François Riquier, a very commonplace person, an old miser and an old bachelor, died at C—— in 1857, leaving a considerable fortune to distant relations. He had formerly been the landlord of a lady who had quite forgotten him, and who did not even know whether he was alive or dead. In 1862, this lady’s daughter, who is subject to attacks of catalepsy followed by spontaneous magnetic sleep, and who is besides a very good writing medium, saw, when in this sleep, Mr. Riquier, who wished, she said, to say something to her mother. A few days afterwards, having been evoked for the purpose of enabling him to satisfy this wish by speaking with the lady, the following conversation occurred between them:
Q. What do you want of me?
A. My money, of which they have taken the whole, the wretches! Sharing it between them. They have sold off my farms, my houses, and all my property, to divide it among themselves! They have broken up my fortune, as though it did not belong to me. Make them give me my rights, for they will not listen to me, and I will not put up with such an infamous robbery. They call me a usurer, and they keep my money from me! Why do they not give it back to me, since they say it was ill gotten?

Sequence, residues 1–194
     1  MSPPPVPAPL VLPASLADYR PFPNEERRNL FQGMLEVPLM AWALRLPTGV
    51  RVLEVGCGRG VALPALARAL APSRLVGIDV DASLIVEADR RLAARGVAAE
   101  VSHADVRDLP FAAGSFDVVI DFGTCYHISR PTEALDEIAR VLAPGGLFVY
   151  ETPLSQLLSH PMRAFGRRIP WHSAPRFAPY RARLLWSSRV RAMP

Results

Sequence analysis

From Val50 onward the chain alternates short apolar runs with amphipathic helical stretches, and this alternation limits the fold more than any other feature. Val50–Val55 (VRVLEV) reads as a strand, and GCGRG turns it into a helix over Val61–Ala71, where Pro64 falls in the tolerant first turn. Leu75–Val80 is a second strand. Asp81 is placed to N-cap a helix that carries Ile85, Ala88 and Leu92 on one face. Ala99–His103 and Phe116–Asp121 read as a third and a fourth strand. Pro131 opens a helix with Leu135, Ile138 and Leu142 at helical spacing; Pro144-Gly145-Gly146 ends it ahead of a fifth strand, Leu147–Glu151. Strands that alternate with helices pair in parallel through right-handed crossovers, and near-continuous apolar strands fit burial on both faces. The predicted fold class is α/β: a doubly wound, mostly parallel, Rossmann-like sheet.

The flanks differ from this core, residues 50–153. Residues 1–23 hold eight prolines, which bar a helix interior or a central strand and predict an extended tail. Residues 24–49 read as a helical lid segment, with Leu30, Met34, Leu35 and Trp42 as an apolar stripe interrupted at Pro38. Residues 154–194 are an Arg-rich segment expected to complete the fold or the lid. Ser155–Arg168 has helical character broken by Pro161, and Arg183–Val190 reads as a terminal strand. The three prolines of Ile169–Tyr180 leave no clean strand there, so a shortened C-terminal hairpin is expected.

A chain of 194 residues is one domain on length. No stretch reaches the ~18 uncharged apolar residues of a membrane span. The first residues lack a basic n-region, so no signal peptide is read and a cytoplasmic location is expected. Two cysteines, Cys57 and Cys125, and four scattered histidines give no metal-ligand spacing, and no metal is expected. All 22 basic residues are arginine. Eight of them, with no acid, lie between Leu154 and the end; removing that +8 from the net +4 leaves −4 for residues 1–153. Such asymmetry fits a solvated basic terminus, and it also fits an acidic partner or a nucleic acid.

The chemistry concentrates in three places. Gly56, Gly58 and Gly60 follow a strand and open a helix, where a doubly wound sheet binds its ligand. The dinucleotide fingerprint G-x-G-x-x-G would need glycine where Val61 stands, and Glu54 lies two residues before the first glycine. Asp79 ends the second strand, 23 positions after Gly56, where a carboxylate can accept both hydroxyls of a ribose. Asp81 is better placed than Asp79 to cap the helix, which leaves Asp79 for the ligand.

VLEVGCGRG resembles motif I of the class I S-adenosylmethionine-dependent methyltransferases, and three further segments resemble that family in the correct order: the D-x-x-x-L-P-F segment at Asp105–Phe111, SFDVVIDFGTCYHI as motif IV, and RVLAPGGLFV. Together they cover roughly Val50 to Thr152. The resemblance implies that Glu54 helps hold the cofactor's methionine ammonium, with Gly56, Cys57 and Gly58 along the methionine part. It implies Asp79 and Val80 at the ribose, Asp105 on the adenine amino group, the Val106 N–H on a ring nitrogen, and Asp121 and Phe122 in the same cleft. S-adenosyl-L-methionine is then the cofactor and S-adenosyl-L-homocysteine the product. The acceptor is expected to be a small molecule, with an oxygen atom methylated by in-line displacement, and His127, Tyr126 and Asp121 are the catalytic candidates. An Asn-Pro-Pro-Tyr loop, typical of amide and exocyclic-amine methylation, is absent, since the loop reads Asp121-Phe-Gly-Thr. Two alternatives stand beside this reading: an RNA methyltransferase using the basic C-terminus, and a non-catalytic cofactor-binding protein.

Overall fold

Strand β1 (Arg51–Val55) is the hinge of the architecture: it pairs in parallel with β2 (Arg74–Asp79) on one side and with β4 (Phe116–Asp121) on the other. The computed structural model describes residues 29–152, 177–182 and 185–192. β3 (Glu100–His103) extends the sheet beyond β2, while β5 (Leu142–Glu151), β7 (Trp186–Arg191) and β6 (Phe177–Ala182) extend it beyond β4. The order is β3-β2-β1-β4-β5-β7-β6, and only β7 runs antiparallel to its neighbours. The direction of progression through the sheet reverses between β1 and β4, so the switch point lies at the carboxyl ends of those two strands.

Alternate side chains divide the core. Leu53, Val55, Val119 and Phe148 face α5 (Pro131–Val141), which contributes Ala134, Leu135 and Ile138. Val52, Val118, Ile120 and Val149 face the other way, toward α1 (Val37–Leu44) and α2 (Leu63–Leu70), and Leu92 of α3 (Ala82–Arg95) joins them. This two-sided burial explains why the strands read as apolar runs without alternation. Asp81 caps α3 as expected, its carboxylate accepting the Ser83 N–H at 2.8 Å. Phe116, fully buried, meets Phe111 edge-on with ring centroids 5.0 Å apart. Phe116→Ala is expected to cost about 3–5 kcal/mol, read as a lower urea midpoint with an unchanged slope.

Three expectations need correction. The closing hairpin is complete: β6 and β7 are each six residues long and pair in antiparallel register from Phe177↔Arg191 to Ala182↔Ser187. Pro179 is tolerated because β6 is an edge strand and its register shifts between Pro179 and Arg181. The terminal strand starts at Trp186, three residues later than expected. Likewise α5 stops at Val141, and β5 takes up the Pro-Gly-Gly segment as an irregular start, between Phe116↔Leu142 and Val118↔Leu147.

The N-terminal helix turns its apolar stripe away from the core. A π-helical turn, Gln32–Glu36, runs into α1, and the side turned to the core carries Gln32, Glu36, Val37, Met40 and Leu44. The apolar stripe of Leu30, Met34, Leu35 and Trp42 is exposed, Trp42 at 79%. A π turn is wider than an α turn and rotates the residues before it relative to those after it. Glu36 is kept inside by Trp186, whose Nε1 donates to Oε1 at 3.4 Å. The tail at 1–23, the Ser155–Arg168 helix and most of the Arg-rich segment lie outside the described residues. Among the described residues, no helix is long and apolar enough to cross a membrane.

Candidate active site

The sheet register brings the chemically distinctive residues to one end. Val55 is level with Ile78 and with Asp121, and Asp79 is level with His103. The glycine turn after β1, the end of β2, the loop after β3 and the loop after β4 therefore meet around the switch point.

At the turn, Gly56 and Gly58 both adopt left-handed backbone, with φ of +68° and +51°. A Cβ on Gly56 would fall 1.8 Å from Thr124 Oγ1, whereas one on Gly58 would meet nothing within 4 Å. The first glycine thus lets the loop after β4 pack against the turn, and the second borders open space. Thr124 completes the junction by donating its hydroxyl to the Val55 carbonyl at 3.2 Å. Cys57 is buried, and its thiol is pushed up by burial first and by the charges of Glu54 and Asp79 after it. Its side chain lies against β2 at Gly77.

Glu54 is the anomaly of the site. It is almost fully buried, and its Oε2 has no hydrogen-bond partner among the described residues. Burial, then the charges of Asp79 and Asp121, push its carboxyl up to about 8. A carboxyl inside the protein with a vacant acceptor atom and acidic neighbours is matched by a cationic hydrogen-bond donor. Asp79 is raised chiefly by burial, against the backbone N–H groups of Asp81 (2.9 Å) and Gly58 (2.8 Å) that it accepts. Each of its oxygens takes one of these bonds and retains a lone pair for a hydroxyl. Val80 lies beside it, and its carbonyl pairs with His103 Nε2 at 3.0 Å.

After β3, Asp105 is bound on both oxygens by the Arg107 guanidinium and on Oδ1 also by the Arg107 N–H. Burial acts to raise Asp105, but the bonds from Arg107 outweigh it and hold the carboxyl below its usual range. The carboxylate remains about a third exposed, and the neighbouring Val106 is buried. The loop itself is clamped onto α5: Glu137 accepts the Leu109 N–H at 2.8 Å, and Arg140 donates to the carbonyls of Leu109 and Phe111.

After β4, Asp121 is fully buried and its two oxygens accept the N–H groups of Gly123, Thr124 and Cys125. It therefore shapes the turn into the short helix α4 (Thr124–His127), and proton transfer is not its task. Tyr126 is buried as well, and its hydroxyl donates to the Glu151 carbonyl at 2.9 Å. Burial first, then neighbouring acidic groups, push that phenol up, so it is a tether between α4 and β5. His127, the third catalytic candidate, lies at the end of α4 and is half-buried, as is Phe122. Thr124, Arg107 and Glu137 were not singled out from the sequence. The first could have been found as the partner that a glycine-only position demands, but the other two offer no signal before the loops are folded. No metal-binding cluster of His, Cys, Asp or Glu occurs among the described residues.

Q. But you are dead, my good man; you no longer need money! Ask of God to grant you a new existence, a life of poverty, that so you may expiate the avarice of your last one.
A. No, I could not live if I were poor. I must have my money to be able to live. Besides, I don’t need any other life, since I am living now.
Q. (The following question was put, in order to bring him to a sense of the reality of his position.) Do you suffer?
A. Oh yes! I am suffering tortures that are worse than the most painful disease, for it is my soul that endures them! I have constantly presented to my mind the thought of the iniquity of my life, which was a subject of scandal to many. I know that I am a miserable wretch unworthy of pity; but I suffer so much that you must help me to come out of this dreadful state.
Q. We will pray for you.
A. Thank you! Pray that I may forget my earthly riches, unless I do that, I shall never be able to
repent. Farewell; thanks.
FRANÇOIS RIQUIER NO. 14 RUE DE LA CHARITÉ.
It is curious to see the spirit giving his address, as though he were still alive. The lady, who had no idea where he had lived, went to the house indicated and found, to her surprise that it was really the last one in which he had lived. Thus, five years after his death, he did not know that he was dead and was still undergoing all the anxiety, terrible for a miser, of seeing his property divided among his heirs. The evocation, suggested, no doubt, by some friendly spirit, had the effect of making him understand his real position and of leading him to repentance.